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Listing in the National Register and/or the State Register recognizes officially the significance of a property or district to the heritage of the state and the nation.  The national Register is the official national list of historical, architectural, engineering and archeological properties and districts worthy of preservation.  Listing in the National Register:

  • Makes property owners eligible for federal matching grants-in-aid for historic preservation, when they are available, which are administered by the division of Historic preservation.
  • Provides protection through comment by the National Advisory Council on Historic preservation on the effect of federally financed, licensed, or assisted undertakings on historic properties, as stated in section 106 of the National Historic preservation Act.
  • Makes available federal 20% tax incentives, and state 5% “piggyback” tax incentives, to encourage the preservation of depreciable historic structures, which are used for commercial, industrial, residential rental, and other income-producing purposes.

The Wisconsin State Register of Historic Places, created under sec. 44.36, Wisconsin Statutes, parallels the National Register, but is designed to enable state-level historic preservation protections and benefits.  Most of the properties in Wisconsin listed in the National Register are also listed in the State Register.  Listing in the State Register:

  • Provides review through comment by the State Historical Society on the effect of state facilities development, long-range planning, and state grants, permits, and licenses on historic and prehistoric properties.
  • Makes available 25% state tax credits for rehabilitating non-income producing historic properties, primarily private houses.
  • Makes available local property tax exemptions for archeological properties and privately owned historic buildings used for stipulated purposes.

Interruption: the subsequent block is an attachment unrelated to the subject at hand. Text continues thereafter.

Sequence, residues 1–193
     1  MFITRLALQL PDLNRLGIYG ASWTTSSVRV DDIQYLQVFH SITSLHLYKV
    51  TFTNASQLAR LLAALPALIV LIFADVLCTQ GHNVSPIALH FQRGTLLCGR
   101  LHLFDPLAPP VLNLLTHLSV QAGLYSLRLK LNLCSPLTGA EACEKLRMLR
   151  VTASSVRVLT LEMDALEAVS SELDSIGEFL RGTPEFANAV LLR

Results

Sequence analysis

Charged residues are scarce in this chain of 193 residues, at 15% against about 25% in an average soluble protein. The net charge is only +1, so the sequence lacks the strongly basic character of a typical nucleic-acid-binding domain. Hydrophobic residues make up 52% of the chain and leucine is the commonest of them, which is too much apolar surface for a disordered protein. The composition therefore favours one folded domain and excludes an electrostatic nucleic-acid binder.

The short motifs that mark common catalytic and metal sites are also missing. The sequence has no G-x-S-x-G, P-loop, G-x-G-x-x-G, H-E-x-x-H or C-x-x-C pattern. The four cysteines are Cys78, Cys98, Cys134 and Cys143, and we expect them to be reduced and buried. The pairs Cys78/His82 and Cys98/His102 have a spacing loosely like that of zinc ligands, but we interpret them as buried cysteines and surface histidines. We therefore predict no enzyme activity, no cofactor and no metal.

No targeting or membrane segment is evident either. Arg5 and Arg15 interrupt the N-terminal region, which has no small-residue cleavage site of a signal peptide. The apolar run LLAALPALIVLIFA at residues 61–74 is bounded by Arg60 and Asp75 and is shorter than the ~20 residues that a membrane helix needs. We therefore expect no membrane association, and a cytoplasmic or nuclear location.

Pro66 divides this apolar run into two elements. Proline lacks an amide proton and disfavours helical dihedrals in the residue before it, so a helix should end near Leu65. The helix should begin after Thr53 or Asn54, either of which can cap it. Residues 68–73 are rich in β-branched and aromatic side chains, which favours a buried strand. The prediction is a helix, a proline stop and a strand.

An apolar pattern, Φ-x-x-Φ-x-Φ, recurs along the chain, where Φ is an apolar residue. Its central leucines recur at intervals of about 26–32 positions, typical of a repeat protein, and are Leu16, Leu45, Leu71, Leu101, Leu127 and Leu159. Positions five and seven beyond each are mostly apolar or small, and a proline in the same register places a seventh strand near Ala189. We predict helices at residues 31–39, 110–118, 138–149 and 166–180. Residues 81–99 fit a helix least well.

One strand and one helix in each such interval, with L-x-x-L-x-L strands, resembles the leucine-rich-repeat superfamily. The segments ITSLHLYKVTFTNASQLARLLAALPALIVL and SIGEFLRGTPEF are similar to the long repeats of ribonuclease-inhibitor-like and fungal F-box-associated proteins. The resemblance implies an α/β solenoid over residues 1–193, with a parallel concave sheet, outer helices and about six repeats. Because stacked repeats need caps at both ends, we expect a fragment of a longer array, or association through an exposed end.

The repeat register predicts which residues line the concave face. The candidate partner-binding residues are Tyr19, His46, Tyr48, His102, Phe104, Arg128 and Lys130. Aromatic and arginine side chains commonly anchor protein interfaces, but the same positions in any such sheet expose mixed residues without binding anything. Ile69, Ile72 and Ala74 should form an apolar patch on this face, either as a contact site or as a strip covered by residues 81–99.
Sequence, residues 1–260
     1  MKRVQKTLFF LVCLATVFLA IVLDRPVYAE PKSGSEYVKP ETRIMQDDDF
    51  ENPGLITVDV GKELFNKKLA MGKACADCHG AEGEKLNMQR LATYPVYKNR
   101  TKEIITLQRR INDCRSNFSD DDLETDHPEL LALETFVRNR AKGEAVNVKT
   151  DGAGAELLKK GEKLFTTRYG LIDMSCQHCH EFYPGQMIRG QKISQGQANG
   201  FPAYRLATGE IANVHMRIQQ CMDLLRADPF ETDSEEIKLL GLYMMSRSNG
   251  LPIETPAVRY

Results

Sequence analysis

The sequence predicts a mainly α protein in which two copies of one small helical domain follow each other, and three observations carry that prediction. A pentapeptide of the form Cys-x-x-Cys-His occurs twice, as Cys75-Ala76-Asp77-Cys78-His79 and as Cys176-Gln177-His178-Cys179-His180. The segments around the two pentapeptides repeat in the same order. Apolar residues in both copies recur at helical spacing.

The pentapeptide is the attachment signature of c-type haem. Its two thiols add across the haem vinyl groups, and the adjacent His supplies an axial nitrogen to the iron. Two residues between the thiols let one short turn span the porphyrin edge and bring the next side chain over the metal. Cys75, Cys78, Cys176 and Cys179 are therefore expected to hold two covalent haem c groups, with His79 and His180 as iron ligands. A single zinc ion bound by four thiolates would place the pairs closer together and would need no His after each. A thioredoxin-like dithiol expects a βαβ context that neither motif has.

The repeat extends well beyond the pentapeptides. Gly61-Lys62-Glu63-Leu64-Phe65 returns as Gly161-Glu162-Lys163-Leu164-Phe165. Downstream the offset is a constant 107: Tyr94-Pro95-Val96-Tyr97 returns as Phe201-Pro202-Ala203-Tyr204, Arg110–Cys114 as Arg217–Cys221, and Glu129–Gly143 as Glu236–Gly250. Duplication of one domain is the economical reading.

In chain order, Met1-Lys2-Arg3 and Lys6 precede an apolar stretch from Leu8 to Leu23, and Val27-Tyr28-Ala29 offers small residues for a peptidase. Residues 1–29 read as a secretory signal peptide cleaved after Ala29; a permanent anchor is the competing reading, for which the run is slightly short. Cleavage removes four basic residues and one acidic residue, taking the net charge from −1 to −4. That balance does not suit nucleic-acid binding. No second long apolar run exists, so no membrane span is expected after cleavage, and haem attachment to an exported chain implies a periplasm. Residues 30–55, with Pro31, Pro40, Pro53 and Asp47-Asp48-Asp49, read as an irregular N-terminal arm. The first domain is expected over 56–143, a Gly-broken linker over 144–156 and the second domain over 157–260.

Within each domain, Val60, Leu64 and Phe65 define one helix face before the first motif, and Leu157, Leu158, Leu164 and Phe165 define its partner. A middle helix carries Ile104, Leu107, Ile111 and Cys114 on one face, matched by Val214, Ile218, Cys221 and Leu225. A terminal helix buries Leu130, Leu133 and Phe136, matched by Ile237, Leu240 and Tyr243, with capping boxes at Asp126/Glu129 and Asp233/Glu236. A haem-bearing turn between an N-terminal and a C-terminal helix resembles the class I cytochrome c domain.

• Requires state agencies that own such properties to plan for their preservation and attach historic preservation easements to them when disposing of them.
  • Requires local governments who own such properties to consider the effects of their undertaking on them, and attach historic preservation easements to them when disposing of them.


The quality of significance in American history, architecture, engineering, archeology, and culture is present in districts, sites, buildings, structures, and objects that possess integrity of location, design, setting, materials, workmanship, feeling, and association, and:

  • That are associated with events that have made a significant contribution to the broad patterns of our history;
  • That are associated with the lives of persons significant in our past; or
  • That embody the distinctive characteristics of a type, period, or method of construction, or that represent the work of a master, or that possess high artistic values, or that represent a significant and distinguishable entity whose components may lack individual distinction; or
  • That have yielded, or may be likely to yield, information important to prehistory or history.

There are certain types of property that generally are excluded from listing, such as properties used for religious purposes, moved buildings (in the case of the National Register), and properties achieving significance less than 50 years ago. More information regarding the National Register and/or the State Register can be obtained from the Division of Historic Preservation of the State Historical Society of Wisconsin, 816 State Street, Madison, Wisconsin (608 / 264-6500).


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